The retina is the part of your eye that senses light so you can see. Retinal vein occlusion is a blood clot in a vein in the retina that blocks the flow of blood.
When this happens, doctors say the vein is "occluded." And this can damage nerve cells that help you see. Or the vein may leak, causing swelling.
There is no pain. But most people have blurry vision off and on. Or you may have a sudden loss of vision in that eye. Sometimes people get their vision back, but it often isn't as good as it used to be.
The same healthy lifestyle steps that help prevent other blood vessel diseases will help prevent this eye problem too.
Injecting medicine into the eye often helps improve vision. Laser treatment is sometimes used.
Treatment to manage diabetes, high blood pressure, or high cholesterol can help prevent retinal vein occlusion from happening again.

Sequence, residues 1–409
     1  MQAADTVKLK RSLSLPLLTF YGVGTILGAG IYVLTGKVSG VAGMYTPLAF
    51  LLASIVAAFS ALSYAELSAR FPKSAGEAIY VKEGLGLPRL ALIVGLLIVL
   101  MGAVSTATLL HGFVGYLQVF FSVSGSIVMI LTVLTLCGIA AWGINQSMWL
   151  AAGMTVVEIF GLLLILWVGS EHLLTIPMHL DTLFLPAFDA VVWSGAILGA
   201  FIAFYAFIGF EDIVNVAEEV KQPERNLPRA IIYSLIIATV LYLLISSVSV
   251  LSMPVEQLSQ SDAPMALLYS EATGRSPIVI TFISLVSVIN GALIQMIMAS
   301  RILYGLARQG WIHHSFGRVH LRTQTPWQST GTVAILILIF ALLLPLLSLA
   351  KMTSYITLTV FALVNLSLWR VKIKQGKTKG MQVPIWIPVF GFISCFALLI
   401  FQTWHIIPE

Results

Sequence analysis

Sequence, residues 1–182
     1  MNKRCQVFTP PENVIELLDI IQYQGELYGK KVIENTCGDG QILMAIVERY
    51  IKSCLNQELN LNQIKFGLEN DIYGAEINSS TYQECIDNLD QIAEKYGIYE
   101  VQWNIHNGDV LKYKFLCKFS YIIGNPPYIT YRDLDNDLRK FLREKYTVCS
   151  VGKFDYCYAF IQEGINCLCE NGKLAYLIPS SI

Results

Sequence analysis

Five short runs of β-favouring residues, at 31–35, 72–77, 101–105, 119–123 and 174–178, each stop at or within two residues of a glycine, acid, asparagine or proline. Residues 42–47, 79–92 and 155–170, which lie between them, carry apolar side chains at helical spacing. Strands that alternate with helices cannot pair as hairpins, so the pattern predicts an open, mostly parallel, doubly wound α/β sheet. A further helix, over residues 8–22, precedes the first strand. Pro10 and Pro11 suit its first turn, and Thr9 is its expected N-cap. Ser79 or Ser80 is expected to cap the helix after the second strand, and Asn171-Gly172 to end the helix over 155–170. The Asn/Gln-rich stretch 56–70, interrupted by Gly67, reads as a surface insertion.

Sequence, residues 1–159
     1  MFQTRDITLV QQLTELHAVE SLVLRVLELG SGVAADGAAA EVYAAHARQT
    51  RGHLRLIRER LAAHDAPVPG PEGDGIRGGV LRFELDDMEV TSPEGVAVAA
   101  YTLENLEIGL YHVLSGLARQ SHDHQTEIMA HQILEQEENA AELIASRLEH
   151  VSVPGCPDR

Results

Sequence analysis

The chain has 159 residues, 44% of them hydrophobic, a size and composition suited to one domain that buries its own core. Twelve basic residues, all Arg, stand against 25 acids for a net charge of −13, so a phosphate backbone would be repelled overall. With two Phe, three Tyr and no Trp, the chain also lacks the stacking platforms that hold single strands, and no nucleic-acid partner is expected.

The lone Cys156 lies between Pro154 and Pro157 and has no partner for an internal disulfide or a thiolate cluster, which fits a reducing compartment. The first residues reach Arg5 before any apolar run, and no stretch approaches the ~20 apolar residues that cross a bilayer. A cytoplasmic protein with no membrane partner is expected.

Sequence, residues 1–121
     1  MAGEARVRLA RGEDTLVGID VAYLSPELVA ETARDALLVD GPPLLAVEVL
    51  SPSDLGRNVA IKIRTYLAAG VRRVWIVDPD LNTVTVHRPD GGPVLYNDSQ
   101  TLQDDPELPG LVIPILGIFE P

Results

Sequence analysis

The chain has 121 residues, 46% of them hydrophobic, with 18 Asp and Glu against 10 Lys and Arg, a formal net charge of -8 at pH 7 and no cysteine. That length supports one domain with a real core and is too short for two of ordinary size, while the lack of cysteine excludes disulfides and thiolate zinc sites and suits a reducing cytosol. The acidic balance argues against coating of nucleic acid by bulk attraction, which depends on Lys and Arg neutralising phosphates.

Follow-up care is a key part of your treatment and safety. Be sure to make and go to all appointments, and call your doctor or nurse call line if you are having problems. It's also a good idea to know your test results and keep a list of the medicines you take.
Go to https://www.healthwise.net/patientEd
Enter E944 in the search box to learn more about "Learning About Retinal Vein Occlusion".
Current as of: March 3, 2017
Kathleen Romito, MD - Family Medicine
& Adam Husney, MD - Family Medicine & Christopher Joseph Rudnisky, MD, MPH, FRCSC - Ophthalmology
©2006-2017 Healthwise, Incorporated. Healthwise, Healthwise for every health decision, and the Healthwise logo are trademarks of Healthwise, Incorporated.
Care instructions adapted under license by your healthcare professional. If you have questions about a medical condition or this instruction, always ask your healthcare professional. Healthwise, Incorporated disclaims any warranty or liability for your use of this information.